For the past ten years Bioware’s name has been a byword for high quality story-driven CRPGs with involving plots, memorable characters, interactions with your companions beyond a couple of fist bumps and shouting “bro!”, and moral choices. Granted the stories aren’t always wildly original, and some of the “moral dilemmas” err towards “Do you save the puppy or burn down the orphanage?” when they’re not randomly foisted on you, but that sort of stuff is picking fairly minor nits.
Most Bioware games also allow the player to become romantically involved with one, or occasionally more, of the other characters, starting off rather chaste in the earlier games and working up to the obscene filth of Mass Effect. With a couple of new games on the way, Dragon Age: Origins later this year and Mass Effect 2 early next year, it looks like Bioware were worried that traditional CRPGs might be perceived as old and fusty, and are building on the widespread coverage that Mass Effect got. To paraphrase Fry & Laurie, it seems like a recent marketing meeting went something like…
Stephen I am thinking, Leonard, that we must use today’s tools for today’s job.
Hugh I see. And what are today’s tool, in your opinion?
Stephen Oh there are so many tools around today. Look at advertising. Pop music. Films. Magazines. Everywhere images of sexuality and coolness.
Hugh And so we must make RPGs …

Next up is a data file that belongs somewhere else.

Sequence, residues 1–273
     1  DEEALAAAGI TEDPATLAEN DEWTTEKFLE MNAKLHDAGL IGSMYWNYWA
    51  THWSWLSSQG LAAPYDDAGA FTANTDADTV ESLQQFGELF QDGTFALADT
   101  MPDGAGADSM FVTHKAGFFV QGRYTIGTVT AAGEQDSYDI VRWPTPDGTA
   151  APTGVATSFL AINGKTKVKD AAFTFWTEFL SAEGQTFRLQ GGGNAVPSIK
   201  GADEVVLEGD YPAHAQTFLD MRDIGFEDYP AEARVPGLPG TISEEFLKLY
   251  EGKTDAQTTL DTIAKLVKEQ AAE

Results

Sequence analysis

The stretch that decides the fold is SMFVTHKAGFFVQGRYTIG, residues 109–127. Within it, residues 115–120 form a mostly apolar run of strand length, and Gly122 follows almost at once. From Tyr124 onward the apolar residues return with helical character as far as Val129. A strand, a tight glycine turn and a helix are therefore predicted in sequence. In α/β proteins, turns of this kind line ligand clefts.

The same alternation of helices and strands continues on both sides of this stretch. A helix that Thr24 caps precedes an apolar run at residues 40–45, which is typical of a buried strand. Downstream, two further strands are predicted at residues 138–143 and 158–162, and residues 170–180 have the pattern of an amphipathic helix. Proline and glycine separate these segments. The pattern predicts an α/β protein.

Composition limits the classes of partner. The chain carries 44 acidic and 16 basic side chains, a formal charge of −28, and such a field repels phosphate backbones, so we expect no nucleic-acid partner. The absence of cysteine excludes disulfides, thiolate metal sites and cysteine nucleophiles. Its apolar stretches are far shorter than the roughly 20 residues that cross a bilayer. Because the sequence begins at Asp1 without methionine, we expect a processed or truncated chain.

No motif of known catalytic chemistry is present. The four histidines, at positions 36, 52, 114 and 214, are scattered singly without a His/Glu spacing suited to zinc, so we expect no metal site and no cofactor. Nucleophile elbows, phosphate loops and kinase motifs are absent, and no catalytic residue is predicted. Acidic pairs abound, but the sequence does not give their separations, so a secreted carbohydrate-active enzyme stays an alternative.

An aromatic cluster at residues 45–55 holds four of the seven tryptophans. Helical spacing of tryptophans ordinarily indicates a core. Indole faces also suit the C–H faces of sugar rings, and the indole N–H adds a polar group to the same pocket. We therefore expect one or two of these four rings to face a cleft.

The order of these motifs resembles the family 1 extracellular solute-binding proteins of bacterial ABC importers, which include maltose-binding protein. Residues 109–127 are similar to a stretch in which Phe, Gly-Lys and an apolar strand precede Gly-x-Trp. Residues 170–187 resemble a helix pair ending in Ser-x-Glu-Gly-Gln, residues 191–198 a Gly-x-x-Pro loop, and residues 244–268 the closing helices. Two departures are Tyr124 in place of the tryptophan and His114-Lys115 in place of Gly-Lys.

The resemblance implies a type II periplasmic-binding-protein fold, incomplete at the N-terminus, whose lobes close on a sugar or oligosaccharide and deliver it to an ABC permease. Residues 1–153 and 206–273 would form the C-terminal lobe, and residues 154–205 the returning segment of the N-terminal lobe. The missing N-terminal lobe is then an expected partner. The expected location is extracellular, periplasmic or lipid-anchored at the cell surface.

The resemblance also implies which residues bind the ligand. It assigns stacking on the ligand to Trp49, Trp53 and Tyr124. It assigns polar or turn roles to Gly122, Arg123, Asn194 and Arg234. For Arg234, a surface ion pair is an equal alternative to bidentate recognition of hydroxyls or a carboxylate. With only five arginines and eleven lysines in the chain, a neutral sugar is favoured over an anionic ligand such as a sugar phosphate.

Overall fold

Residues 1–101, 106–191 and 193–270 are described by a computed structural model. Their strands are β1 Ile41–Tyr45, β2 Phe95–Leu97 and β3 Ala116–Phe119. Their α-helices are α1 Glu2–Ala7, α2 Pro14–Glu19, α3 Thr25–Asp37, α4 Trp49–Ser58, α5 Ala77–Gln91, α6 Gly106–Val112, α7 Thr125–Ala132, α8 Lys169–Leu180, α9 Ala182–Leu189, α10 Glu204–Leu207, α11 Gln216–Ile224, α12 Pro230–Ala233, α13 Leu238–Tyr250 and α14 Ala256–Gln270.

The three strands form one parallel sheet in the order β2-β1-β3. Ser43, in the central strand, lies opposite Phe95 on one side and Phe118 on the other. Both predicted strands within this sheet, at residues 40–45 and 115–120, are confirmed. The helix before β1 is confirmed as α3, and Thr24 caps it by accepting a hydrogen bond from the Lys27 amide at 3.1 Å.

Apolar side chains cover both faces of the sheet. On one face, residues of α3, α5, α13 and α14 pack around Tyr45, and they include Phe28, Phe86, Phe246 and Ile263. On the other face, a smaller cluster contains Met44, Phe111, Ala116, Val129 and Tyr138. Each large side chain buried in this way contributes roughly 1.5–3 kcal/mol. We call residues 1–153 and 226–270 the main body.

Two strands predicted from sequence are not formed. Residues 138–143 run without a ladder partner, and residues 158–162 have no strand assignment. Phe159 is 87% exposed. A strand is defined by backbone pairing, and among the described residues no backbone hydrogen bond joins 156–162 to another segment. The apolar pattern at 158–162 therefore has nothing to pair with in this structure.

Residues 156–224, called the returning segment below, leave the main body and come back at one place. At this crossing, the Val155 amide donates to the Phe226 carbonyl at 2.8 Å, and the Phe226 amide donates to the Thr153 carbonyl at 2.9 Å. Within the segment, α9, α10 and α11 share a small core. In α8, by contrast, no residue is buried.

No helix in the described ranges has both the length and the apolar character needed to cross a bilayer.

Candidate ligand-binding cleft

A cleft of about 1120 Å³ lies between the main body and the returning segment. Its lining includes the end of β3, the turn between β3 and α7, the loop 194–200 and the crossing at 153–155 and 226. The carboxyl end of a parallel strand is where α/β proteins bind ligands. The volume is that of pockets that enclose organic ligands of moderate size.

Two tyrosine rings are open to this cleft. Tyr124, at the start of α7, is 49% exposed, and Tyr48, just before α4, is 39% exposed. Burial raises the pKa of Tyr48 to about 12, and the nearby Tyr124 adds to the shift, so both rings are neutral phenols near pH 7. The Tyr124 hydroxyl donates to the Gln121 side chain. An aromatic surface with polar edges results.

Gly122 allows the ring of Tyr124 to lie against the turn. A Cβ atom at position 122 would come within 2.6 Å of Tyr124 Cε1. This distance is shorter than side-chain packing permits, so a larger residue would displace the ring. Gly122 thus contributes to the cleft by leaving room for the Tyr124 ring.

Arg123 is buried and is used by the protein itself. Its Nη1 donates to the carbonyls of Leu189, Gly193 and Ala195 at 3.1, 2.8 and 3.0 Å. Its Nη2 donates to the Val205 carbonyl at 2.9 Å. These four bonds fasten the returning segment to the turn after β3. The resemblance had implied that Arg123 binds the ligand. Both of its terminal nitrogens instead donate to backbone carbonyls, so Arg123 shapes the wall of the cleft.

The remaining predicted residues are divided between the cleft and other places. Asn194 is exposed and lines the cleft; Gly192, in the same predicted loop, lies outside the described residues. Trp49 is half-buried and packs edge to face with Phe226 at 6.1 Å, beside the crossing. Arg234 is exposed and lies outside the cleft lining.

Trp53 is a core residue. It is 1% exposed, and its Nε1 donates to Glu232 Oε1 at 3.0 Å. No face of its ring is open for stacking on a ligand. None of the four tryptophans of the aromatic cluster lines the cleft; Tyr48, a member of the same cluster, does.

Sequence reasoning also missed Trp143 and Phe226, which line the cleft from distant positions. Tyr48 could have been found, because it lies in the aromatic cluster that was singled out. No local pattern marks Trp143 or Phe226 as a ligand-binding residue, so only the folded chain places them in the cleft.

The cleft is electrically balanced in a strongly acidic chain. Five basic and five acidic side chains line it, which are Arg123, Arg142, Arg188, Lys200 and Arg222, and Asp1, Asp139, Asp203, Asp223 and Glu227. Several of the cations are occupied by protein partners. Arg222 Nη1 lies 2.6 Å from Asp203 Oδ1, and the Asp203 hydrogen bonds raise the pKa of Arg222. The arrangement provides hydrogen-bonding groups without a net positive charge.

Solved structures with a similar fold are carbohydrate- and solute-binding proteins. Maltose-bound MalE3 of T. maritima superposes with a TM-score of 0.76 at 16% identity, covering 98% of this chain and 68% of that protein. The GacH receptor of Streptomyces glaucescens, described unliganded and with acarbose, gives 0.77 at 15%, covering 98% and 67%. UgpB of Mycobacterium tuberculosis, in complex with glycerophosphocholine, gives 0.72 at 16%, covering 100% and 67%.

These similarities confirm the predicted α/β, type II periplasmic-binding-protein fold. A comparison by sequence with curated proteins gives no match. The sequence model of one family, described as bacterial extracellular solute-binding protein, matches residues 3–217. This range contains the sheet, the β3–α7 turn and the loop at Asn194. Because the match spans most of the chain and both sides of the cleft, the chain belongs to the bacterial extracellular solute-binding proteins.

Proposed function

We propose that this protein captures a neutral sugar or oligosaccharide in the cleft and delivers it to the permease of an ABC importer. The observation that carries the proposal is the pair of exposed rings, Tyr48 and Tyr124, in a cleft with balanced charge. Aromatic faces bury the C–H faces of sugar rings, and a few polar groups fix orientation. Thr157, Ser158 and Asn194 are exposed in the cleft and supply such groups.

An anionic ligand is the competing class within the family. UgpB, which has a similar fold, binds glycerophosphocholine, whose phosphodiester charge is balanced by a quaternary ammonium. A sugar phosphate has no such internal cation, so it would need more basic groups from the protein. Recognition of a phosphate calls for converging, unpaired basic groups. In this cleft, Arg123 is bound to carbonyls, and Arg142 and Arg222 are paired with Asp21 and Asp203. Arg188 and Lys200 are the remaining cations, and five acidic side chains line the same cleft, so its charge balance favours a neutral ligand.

Hugh Cool. And sexy. And where shall we find them, these young people?
Stephen Wherever blood and money and sexy talk flow freely, there will you find the young.
Hugh And what will we say? How will we persuade them to surrender their ice-skating and their jazz music and turn to RPGs?
Stephen You must say to the young people – Oh young people. You who are young and thrusting and urgent, there is a beat, a sound, a look that’s new, that’s you, that’s positively yes!
Hugh Hmm. Alright. Boys and girls, dig what I am about to say. RPGs are cool.
Hugh Throw away those transistor radios. Come on out from those steamy parlours where the coffee is cheap and the love is free. Join us in our playing of roles!
Stephen That’s it! Now stick some Marilyn Manson over the top and release it on the internet.
So there’s some slightly mixed messages coming out from Bioware; on the one hand Dragon Age: Origins is a portentous saga in which the fate of humanity rests on a chosen few, and on the other it is, broadly speaking, in many ways “the new shit” with lots of stabbing and occasionally someone in their pants. Mass Effect 2 promises mystery, intrigue and a frightfully cross young lady who forgot to put a shirt on. I think they need to pull them together, really:
“In a world of danger, the player faces tough moral challenges, and…”
“… forcing them to make difficult decisions over…”
“WHO TO DO IT WITH!”
“… with gritty, grown up dialogue…”
“PEE PO BELLY BUM DRAWERS!”
“Dragon Age: Origins and Mass Effect 2. Coming soon.”
How long is it going to take for people to realize that Bioware is now owned by EA? Sadly, these trailers should be all the proof anyone needs that changes have been made.
Good point, it would explain a lot if one set of trailers were EA driven, and the others more by Bioware themselves.
I’m prepared to give the benefit of the doubt for now and separate the game’s potential from the marketing.
I thoroughly enjoyed Mass Effect, and will blindly assume Dragon Age and ME2 will be of similar quality until actually playing them proves me otherwise.
Trailers are one thing, but the core game design of DA:O must have those things in it to advertise in the first place. I’m not sure this can all be pinned on EA.